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- Ferrari boss opens door to staying in F1 if Liberty Media follows instruction
- Halo not disturbing drivers’ vision, but glaring problem remains
- Updated: March 5, 2018
In 2017, FIA announced that the Halo safety device would be compulsory for all teams in the following season, and while this decision was met with a lot of controversy from drivers and fans, the early frustration seems to have settled down.
In fact, given the latest statements coming from the paddocks, it seems like drivers actually don’t find it as that big a concern.
The halo is a titanium bar F1 now requires on its race cars, which can apparently hold the weight of a double-decker bus.
You can argue that it makes cars look like fast, aerodynamic flip flops.
FIA had decided to make this compulsory for all teams because it was deemed as the safest option in a sport that has been lucky to witness such a small amount of life-threatening injuries.
While early versions of the Halo looked far from appealing, Ferrari’s Kimi Raikkonen argued that the view was alright in early testing, and vision from the final product didn’t look that bad in videos from last month.
The Halo might not have gotten any better to look at, but opinions certainly have become less rigid.
Even Mercedes star driver Lewis Hamilton claimed that the Halo wasn’t that bad after all, having been one of the first to ask FIA not to implement it.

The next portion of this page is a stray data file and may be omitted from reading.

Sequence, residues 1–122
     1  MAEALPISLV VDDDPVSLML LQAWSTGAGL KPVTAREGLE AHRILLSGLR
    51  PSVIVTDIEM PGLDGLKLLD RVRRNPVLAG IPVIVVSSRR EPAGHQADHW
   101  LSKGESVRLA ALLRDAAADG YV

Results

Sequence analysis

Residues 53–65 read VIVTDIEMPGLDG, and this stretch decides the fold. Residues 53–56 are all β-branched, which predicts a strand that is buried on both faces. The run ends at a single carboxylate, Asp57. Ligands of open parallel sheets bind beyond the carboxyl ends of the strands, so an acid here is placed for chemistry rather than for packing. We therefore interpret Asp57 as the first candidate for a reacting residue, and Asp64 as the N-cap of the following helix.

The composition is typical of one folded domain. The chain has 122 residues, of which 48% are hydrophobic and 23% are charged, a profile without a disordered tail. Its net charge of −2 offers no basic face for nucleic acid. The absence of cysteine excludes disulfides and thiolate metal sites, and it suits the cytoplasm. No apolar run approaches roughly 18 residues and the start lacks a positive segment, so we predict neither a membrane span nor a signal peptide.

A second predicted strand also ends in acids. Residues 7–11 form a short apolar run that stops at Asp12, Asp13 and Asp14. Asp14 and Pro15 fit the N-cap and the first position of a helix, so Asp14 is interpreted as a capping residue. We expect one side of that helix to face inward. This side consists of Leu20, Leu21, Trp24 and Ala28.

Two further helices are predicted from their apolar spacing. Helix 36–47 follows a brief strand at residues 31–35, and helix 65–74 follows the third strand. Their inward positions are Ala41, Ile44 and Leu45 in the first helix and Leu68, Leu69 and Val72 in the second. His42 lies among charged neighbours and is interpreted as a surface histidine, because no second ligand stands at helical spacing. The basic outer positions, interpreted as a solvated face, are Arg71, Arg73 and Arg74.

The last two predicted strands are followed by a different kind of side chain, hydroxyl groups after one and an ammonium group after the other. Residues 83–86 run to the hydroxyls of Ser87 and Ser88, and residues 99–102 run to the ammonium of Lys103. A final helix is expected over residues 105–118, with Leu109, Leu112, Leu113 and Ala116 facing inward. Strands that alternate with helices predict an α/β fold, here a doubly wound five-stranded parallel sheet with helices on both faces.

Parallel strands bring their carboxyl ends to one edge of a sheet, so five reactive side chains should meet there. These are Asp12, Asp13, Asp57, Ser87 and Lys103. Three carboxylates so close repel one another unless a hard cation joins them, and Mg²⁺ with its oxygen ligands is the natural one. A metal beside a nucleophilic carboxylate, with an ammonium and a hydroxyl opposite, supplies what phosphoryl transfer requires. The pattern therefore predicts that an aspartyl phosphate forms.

Here’s a summary of what the drivers have said about the Halo so far…
Lewis Hamilton: You definitely notice it, you definitely lose some visibility with it. If you had 100 percent visibility [before] you’ve lost a certain percentage. But you just get used to it and as I started driving your mind learns to work around it.
It doesn’t really affect you in corners. I think if there’s a car in the distance down the straight you can lose a little bit of that visibility of the car but i [sic] think it will become second nature at some stage.
Fernando Alonso: I know it’s quite a big thing from the outside — also for myself, when I see the pictures I see the Halo in the middle of the vision. But when while driving for whatever reason you are focused on long distance, you are not that focused on the middle part of the chassis. So far I think the Halo is not a problem for driving.
Kimi Raikkonen: It was no different than, say, normal running. I didn’t find any issues last year and now, especially that it has been designed into the car – last year we obviously just put an extra thing in the car that was not designed for it, so it was never going to fit in as nicely as this year. It’s not an issue.
Nico Hulkenberg: You do kinda forget about it, I did one day Abu Dhabi test so knew already what it would be like. It doesn’t affect me driving to be honest, not visually, not in any other way, so for me it’s pretty transparent to have it on. No issue.
Valtteri Bottas: We’ve done some testing examples inside the simulator where the Halo is identical on many different circuits and it was no problem on any circuit for the start lights. You can always see them with one eye and that’s enough.
While there seems no problem as far as the vision is concerned, the main problem seems like getting in and out of the car, with Toro Rosso driver Pierre Gasly claiming that it ripped his fire suit doing so.
Others have also reportedly confessed that it’s easier to get in the cars because they can use a step from the outside, but that it takes some acrobatic jumps to get out of the car with a halo—something that won’t be super easy after long and tiring races.
The vision element doesn’t look to be a great concern, at least not for most.
As far as the appeal of the car is concerned, surely some designers are going to come up with a stellar mould soon enough!